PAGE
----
Xuanzang and the Silk Road Pt. 4

Back in June of 2010 I wrote about travelling to the Nara National Museum for an exhibition about China’s influence on Japan during the Tang Dynasty. see:  http://penn.museum/blog/museum/crating-and-packing/

During my trip I visited a temple called Yakushi-ji Temple.    Near the entrance there was one object that  caught my eye, a replica of the pedestal that holds a Medicine Buddha at the temple:

Replica of east side of pedestal of Yakushi Nyorai Statue

Here is a description of the piece from the publication I bought at the gift shop where the replica was on display:

“The engravings on the pedestal where Buddha is seated is a combination of various elements from Greece, Persia, India, and China. This shows evidence of Cultural Exchange from the West which came to Japan through the Silk Road around the 7th century.”

I snapped a photo in anticipation of the Silk Road exhibit coming to the museum. I appreciated that they had a replica of the side because in the actual temple it was hard to get a good look at the pedestal.  While most of our exhibit focuses on material from China it’s neat to see how Japan was also affected by the Silk Road.  With the Japanese sending envoys to China to learn more about their culture and art, it’s interesting to think that much of the art at the time probably had Indian influences that then traveled to Japan. I suppose the grape vines are what is being reference from Greece.  I’d be interested to learn more about the piece.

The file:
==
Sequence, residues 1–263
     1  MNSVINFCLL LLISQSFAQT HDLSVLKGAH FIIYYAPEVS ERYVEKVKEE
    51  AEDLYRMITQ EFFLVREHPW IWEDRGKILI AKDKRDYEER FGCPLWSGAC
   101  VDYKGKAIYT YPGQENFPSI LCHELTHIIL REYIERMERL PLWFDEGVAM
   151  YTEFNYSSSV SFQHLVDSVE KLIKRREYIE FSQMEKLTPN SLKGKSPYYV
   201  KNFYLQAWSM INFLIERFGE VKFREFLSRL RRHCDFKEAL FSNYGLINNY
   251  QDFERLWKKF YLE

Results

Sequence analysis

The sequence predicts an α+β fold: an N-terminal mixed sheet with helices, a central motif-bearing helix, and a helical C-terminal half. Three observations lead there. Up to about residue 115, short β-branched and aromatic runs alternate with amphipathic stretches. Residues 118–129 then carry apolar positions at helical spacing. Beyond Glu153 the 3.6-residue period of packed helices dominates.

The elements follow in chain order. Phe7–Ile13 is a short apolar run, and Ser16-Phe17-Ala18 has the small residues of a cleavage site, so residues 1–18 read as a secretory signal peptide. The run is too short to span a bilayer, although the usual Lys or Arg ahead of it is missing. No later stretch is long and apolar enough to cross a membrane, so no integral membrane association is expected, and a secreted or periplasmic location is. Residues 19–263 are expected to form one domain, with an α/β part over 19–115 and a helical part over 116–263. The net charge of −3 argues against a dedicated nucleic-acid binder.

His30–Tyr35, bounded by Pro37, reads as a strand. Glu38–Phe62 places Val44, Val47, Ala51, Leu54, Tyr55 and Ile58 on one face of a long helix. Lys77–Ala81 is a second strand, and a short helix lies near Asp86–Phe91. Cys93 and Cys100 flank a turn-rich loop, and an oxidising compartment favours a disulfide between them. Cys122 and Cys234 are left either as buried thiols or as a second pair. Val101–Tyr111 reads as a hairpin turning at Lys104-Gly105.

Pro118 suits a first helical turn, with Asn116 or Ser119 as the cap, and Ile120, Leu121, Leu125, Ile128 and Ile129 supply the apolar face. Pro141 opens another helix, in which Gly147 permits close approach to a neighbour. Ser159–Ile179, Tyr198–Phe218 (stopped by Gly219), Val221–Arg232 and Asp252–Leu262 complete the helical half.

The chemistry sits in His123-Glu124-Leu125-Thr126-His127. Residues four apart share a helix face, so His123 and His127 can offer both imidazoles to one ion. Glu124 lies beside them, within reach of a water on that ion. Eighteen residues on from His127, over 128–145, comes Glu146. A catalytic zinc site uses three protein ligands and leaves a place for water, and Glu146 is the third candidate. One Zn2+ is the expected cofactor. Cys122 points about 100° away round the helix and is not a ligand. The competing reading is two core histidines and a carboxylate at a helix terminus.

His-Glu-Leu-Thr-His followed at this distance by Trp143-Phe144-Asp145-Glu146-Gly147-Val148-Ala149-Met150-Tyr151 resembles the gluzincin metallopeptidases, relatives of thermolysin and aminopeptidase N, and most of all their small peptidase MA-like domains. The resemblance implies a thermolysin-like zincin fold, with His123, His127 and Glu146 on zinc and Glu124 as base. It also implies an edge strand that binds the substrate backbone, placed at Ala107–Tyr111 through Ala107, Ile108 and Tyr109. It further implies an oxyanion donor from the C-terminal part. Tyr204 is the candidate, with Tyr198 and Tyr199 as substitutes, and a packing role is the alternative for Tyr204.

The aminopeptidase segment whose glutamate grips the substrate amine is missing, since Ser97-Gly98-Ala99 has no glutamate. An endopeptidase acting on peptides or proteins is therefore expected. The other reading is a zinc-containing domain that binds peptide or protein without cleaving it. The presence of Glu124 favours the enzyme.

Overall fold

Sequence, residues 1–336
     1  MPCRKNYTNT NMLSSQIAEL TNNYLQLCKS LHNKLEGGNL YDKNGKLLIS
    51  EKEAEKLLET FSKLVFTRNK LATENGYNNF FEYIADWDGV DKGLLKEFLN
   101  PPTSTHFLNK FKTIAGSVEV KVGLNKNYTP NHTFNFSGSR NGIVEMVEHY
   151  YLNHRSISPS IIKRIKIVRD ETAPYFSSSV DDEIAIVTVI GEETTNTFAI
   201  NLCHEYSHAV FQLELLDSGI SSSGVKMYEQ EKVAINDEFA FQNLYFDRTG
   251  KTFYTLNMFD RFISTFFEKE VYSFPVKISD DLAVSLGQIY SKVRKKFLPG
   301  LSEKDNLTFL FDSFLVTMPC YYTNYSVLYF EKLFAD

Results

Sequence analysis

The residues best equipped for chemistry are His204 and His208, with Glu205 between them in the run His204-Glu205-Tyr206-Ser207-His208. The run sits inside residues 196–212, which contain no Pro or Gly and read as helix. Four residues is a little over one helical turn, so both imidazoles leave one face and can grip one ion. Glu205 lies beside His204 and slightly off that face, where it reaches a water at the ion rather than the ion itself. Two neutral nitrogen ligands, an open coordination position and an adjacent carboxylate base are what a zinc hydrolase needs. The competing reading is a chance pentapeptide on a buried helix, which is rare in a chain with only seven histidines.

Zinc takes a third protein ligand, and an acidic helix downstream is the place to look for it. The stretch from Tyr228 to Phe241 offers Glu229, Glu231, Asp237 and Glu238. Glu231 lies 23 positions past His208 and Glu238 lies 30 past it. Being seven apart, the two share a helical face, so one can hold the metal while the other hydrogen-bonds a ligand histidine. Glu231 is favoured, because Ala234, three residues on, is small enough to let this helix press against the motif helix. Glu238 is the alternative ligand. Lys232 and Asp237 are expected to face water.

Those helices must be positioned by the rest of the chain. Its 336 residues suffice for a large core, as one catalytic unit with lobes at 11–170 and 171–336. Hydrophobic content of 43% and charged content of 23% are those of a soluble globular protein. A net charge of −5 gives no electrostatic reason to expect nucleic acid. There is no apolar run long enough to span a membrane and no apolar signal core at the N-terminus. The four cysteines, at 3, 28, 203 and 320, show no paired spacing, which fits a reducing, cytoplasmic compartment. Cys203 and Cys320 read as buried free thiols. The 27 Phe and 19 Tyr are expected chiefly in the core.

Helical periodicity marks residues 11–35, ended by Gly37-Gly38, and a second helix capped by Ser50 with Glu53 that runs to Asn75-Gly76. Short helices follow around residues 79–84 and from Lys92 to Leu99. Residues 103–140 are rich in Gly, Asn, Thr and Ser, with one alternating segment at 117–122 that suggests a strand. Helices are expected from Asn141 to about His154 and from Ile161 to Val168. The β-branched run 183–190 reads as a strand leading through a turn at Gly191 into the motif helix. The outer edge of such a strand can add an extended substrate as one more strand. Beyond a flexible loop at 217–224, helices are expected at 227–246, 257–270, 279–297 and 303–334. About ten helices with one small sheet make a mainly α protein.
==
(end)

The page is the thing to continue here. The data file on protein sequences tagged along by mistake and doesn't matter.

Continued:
I continued into the temple in search of the statue that I had seen in the Nara National Museum only a couple days previous when it stood next to the Penn Museum’s piece. After some searching I finally found it!  The piece is a Sho-Kanzeon-Bosatsu. It was great to see it in the original context of the temple:

Sho-Kanzeon-Bosatsu at Yakushi-ji Temple.

There’s an interesting practice of creating museums near temples in Japan that starts to blur the area between secular and sacred space.  Many of the museums that house the treasures of the temples have donation boxes in front of them for practitioners and visitors to offer money to the images for protection and well being.

I continued on until I came across the “Genjo Sanzo Complex”.   I wandered inside and found out that, in fact, Genjo Sanzo is the Japanese name for Xuanzang!  Even more interesting was that a few pieces of his skull are actually enshrined in the complex.  There is also a sculpture inside depicting Xuanzang holding a Buddhist text and brush.

Nearby there was a  huge mural depicting various sites from the Silk Road that were inspired by Xuanzang’s journey. The artist, Ikuo Hirayama had been commissioned to paint the inside walls of the complex and did so in stunning fashion. (scroll to the bottom to see them)

Upon leaving I noticed a small shop outside of the temple complex.  I went to see what they were selling.  One of the souvenirs was a little mask replica of the Sho-Kanzeon-Bosatsu.  I’m not sure if  I wasn’t aware of it at the time or not because I didn’t buy one, but I did take a photo.  Many of the statues in the temples were actually available in shops in Nara ranging from around $30 up to $10,000 depending on size and intricacy.  I’ll have to go back and buy a few.  So if you’re ever in the Nara area be sure to stop by Yakushi-ji, not only is it a great example of Japanese architecture it is intimately linked to Xuanzang and contains statues that are a testament to the Silk Road and it’s influence on Asian art.

Souvenir of Sho-Kanzeon-Bosatsu at Yakushi-ji Temple.

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